Evidently, there’s nothing wrong with civil discourse to get one’s point across and defend what is considered right. What makes me suspicious is the vehemence in defending, all over the web, the business decisions of a company he doesn’t work for, the same one that in the past has even, in his own words, blacklisted him from Explore, and excluded him from the Help Forum. I will give him the benefit of the doubt hoping that this is not simply a self-serving tactic, or a self-promoting scheme. I don’t want to lose respect for the photographer I have as a contact, whose photos I frequently admire and fave. That being said, in all honesty, Thomas Hawk is mistaken when he affirms that “much of the criticism is being rallied by a small group of vicious haters in the help forum who shout down and attack anyone who expresses a positive opinion of the changes.” On the contrary, I have found that most of the criticism is coming from serious and decent flickr members (I know many of them) who not only have the right to dissent but also consider it a responsibility to voice their opinions when they aren’t happy with changes or with anything else about flickr they consider negative, unpleasant, offensive or impractical.

There are two basic aspects in any discussion about the recent frickr changes; one is practical, the other aesthetic.

Practical aspect

Currently there’s no reason to pay for a flickr account when you can have the same features and advantages of a Pro account with a free one (except for stats and the absence of ads). New users will sign up with a free account. Having stats available and ads removed from their pages is not sufficient incentive to pay $50 annually for an account. Veteran Pro users, like me, will most likely cancel their paid accounts or not renew them when they expire, particularly when you don’t upload high res images and the need for more space is not an issue. (Anyway, I do not trust any image hosting site with my high res images. In my opinion, it’s really astonishing that any serious photographer does, even though it’s none of my business what anyone does with his images.) With the new design, even the Pro symbol is gone! Now it’s practically impossible to tell who has a paid account and who doesn’t. Of course, the ads on your photostream (more aptly, photo collision) will give you away!

This is precisely what Yahoo wanted. Now they expect from flickr an ever growing number of pages with ads to increase revenues. With a totally ad driven flickr, the rapidly diminishing paying members will eventually disappear or be minuscule, and matter even less. Yahoo expects Flickr to be successful because of ad sales, not as a consequence of its paying customers. This is the result of a new business model and a shift in strategy. After all,  it’s a business, and if you think Yahoo really care about you or what you think regarding the new flickr, I have news for you! They want a new and “hip” crowd to increase quickly. With the availability and proliferation of smart phones, “everyone is a photographer now”, according to LA Times columnist Robert Latchman, just like everyone became a writer with the advent of the blog era just a few years ago! Of course, if you believe that, then the new flickr (and what it will become) is for you.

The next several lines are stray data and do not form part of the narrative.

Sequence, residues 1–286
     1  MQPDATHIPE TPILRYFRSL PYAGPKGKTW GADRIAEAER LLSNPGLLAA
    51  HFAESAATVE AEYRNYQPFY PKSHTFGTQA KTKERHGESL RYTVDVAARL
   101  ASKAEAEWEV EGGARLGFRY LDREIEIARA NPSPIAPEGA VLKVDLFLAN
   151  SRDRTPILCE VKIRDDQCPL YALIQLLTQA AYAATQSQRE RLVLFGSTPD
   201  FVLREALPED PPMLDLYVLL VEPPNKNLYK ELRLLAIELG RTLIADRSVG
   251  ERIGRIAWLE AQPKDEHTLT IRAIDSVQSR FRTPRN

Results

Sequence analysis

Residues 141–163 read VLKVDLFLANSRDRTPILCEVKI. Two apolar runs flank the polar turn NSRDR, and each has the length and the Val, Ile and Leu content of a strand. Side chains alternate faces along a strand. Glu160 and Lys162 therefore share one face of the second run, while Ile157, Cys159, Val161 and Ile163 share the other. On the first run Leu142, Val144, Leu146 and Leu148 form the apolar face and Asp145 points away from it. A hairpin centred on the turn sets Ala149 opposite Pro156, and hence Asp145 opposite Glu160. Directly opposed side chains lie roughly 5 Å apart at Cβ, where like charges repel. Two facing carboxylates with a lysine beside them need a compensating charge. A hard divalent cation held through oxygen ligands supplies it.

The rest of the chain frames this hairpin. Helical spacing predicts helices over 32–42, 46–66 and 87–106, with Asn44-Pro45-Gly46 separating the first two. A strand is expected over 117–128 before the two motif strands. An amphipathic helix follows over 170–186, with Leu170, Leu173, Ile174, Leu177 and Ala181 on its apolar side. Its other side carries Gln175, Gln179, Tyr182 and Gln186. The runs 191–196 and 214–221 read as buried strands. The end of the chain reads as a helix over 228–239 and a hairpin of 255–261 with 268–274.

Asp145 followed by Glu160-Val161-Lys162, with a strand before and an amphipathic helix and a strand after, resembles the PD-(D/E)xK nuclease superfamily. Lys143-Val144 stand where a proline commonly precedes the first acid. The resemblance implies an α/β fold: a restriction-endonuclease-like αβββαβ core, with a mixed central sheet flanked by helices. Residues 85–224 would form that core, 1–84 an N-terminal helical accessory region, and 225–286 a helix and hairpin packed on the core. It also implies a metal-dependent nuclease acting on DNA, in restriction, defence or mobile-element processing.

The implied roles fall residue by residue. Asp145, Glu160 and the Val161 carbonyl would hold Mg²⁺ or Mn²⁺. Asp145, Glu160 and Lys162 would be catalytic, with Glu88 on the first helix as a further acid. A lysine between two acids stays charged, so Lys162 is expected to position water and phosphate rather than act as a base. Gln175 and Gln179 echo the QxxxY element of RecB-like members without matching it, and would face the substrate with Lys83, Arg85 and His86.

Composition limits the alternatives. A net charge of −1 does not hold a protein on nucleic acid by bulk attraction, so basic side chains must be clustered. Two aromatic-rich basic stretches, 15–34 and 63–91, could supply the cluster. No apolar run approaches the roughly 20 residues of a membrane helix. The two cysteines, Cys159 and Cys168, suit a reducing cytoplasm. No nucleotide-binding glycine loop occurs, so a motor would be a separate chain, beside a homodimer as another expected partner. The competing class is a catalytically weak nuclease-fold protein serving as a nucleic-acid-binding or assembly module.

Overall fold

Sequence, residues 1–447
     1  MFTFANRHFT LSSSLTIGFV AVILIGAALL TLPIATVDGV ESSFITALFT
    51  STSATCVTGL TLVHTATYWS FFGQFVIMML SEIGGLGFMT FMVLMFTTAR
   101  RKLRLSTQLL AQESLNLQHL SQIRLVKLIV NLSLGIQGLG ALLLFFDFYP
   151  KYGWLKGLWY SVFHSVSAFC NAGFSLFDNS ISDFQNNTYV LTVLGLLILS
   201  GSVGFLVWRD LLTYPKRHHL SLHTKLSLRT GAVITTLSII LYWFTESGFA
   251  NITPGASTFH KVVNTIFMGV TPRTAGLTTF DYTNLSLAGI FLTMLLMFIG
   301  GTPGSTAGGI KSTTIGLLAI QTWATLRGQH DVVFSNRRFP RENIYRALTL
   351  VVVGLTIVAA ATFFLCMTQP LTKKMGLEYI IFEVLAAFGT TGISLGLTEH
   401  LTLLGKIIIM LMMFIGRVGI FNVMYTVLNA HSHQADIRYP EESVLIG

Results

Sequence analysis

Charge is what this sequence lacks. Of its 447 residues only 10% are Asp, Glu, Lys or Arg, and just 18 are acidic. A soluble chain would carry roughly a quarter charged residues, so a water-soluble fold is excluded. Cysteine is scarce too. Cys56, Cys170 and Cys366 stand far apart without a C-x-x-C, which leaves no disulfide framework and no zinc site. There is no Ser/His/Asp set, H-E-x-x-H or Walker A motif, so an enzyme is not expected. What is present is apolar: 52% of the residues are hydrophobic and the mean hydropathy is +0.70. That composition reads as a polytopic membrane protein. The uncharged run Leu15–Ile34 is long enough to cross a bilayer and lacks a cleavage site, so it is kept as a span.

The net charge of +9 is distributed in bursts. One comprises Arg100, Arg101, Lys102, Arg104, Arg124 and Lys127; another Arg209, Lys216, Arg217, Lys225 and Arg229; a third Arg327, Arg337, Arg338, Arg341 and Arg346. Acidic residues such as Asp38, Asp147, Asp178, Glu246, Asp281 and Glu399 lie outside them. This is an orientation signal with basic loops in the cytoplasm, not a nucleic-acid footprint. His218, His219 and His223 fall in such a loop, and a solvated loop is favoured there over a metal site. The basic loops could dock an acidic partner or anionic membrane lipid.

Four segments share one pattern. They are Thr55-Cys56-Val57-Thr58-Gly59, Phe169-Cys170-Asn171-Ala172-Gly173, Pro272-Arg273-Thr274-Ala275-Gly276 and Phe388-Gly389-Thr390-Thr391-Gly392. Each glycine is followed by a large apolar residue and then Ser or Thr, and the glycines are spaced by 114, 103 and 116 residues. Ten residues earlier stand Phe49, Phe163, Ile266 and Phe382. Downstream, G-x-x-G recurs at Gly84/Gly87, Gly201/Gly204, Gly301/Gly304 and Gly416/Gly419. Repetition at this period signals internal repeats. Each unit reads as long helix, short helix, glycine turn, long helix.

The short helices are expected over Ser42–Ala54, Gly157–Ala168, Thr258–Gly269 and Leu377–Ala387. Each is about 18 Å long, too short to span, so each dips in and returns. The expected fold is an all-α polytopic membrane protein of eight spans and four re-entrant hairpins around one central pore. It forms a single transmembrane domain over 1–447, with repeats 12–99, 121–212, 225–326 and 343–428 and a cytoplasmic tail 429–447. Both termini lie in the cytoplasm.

Aesthetic aspect

The cosmetic overhaul has been partial. It will probably be comprehensive in the near future. That being said, it seems to me that the artistically challenged designers at flickr have never attended well curated art galleries or photography exhibitions. Most photos don’t look good with a black background. You don’t frame most photographs, if any, with black mats or lump them together (as flickr has done with the photostream page) as if they were a collage! It’s unpleasant, claustrophobic, distracting and it detracts from the art work, unless that is the effect you set out to achieve in the first place! I’ve framed many works of art and photographs; nevertheless I don’t remember putting a black mat on any of them, or hanging them on black walls. With the new flickr, photos with black backgrounds don’t end where you wanted them to end!

 Space, white breathing space, is of the essence! The black background should be a viewing choice, like before, not a fixed feature imposed on members. The operative word here is choice! Flickr needs to be flexible and provide more options, not less. Yes, innovate and modernize, but stay away from imitating or emulating others at the risk of alienating a significant portion of its users.

Whether we like it or not, flickr’s recent changes are here to stay. Flickr will ultimately fix all the bugs and persevere in making the changes work for them to accomplish their objectives, according to their new business model and strategy. In the end, if we still dislike the look, feel and functionality, we will need to either adapt of move our tent someplace else.